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The racing vehicles in "Cars 3" only have to deal with left turns and straightaways, but there's one important curve the movie must face: the one on which the movie will be graded.

This third installment in this series about anthropomorphic automobiles is better than the forced silliness of "Cars 2," but it still lags far behind the animated magic of most of Pixar's work.

The new movie brings the focus back on Piston Cup champ Lightning McQueen (voiced by Owen Wilson). McQueen is on top of the world, winning races and having a good time with his fellow veteran cars. But then a new high-tech generation of race cars takes over, led by the cool rookie Jackson Storm (voiced by Armie Hammer) — and McQueen wonders if it's time to retire. Not re-tire, as in get new tires, but quit the Piston Cup circuit.

The ghost of his mentor, Doc Hudson aka The Hudson Hornet, still prods McQueen, making him determined to end his racing career on his own terms. But McQueen finds a bump in that road when his old sponsors, the Rusteze brothers, announce they've sold the company. (For adults, it's a tad unsettling that the movie uses recycled voice recordings from two deceased performers: Paul Newman as Doc Hudson and former "Car Talk" co-host Tom Magliozzi as Rusty Rusteze. Voice actor Lloyd Sherr has taken over the late George Carlin's role as the hippie microbus Fillmore.)

The billionaire Sterling (voiced by Nathan Fillion), Rusteze's new owner, has built a state-of-the-art training center to get No. 95 in racing shape. McQueen is assigned a trainer, Cruz Ramirez (voiced by comedian Cristela Alonzo), to put him through his paces. But he bristles at her modern motivational techniques and — after some arguing and a side trip to a demolition derby — takes her to find Doc's old trainer, Smokey (voiced by Chris Cooper).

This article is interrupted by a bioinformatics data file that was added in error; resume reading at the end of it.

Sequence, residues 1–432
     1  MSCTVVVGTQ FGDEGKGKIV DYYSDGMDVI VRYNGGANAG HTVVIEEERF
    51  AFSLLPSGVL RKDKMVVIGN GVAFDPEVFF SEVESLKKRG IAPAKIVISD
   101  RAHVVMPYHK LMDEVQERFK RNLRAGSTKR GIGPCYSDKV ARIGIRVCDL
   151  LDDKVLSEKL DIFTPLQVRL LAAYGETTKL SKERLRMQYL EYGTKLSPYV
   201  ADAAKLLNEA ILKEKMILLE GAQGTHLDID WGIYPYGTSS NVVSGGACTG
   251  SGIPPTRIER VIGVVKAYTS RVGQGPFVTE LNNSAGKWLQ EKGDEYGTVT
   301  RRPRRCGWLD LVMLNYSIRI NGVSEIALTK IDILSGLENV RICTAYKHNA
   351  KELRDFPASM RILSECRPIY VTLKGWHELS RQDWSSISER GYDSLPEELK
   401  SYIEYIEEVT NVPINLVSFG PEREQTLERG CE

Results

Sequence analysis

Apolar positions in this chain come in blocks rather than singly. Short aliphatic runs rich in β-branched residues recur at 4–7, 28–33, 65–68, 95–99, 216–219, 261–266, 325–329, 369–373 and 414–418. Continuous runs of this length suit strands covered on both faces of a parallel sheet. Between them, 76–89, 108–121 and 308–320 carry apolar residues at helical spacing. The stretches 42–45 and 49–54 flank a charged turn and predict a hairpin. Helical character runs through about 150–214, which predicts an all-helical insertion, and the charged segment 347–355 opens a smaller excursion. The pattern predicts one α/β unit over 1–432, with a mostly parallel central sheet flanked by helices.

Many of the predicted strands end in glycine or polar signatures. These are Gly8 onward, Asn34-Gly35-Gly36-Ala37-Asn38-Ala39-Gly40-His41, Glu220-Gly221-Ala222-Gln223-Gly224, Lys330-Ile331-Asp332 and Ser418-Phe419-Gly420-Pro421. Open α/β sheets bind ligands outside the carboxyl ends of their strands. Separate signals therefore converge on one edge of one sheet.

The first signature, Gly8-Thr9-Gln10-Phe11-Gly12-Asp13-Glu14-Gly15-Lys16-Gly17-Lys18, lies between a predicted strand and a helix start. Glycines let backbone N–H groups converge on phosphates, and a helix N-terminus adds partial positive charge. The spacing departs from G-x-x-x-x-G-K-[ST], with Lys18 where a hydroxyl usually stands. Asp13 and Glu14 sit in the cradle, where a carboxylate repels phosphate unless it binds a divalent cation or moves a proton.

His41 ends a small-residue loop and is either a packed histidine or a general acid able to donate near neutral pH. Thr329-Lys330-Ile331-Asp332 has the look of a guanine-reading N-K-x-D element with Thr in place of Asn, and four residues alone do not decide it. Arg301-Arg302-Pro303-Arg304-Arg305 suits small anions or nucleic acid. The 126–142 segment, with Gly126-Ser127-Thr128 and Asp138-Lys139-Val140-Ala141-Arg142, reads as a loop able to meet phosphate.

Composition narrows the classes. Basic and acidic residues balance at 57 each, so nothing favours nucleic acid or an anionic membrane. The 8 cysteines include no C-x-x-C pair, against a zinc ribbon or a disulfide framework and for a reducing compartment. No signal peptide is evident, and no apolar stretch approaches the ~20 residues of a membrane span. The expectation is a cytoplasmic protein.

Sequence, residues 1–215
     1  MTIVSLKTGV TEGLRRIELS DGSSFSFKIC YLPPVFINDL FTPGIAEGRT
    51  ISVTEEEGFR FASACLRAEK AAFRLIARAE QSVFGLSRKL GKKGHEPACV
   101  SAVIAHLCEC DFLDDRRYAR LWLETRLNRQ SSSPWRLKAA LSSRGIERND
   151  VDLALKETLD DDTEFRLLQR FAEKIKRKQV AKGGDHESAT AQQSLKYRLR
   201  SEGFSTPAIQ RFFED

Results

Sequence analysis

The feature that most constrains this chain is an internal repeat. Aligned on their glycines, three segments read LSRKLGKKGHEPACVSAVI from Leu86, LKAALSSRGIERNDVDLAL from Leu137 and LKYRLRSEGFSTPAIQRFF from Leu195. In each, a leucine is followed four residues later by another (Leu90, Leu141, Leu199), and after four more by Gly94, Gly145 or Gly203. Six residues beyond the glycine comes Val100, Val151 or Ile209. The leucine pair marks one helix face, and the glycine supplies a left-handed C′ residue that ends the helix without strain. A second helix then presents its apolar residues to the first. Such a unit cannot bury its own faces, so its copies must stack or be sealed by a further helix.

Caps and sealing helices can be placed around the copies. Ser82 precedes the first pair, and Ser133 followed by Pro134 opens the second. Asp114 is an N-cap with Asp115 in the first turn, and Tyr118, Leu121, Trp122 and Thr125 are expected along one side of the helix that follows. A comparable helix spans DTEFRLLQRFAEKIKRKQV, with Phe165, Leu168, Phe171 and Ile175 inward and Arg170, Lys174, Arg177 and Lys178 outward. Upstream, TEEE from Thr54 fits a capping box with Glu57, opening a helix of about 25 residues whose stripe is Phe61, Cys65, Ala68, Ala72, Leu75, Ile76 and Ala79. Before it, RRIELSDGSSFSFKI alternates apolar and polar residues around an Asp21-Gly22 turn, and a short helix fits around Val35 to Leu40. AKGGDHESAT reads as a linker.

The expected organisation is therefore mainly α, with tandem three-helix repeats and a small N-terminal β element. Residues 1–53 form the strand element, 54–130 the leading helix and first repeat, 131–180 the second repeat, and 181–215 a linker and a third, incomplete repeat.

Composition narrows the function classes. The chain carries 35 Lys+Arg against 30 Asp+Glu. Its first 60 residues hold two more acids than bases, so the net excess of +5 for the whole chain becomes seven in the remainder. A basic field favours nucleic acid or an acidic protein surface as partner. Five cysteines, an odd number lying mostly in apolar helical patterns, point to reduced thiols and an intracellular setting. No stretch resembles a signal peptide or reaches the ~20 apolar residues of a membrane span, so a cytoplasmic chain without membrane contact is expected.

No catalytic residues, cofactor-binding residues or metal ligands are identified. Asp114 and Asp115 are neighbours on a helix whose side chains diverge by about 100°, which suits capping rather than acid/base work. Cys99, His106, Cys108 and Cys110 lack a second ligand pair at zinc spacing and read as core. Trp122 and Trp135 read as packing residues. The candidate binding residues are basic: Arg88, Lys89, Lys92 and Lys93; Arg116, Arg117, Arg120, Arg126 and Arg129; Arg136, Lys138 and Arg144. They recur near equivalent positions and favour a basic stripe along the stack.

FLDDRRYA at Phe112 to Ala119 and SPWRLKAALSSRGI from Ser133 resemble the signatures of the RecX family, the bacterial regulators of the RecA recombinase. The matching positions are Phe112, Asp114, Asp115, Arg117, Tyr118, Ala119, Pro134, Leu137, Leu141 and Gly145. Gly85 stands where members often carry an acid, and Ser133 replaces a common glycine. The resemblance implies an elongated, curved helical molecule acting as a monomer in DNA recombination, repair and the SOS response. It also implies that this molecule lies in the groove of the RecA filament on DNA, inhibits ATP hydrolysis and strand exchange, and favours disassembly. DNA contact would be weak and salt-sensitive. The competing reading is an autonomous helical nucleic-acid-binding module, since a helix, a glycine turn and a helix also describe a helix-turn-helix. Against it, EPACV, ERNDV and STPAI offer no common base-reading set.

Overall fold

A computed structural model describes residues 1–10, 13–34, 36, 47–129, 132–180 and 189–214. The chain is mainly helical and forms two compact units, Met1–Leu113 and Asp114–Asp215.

It's weird to watch a kiddie movie about a midlife crisis, especially one whose message is that the next generation should wait their turn until the old folks are ready to leave. But that's what is delivered in the script, a tag-teamed effort credited to Pixar veterans Kiel Murray and Bob Peterson, along with Mike Rich ("Secretariat"), and four more writers given story credit — including the movie's rookie director, Brian Fee (who has been a storyboard artist on "Wall-E" and "Ratatouille").

Like the first "Cars," which rolled through small-town America along Route 66, "Cars 3" is brimming with nostalgia for some mythic golden era of automotive excellence. Pixar's artists bring that world to life with incredible detail, as always, but it feels odd juxtaposed against cartoonish car characters.

There's a fair amount of dead air in "Cars 3," from the antics of McQueen's buck-toothed pal Mater (voiced by Larry the Cable Guy) and a stats-spouting racing expert (voiced by Kerry Washington). But there's enough gas in the tank, barely, to give McQueen one last trip to the winner's circle.


'Cars 3'

Lightning McQueen considers the end of his racing road in this continuation of Pixar's automotive franchise.

Where • Theaters everywhere.

When • Opens Friday, June 16.

Rating • G.

Running time • 103 minutes, plus a 6-minute short, "Lou."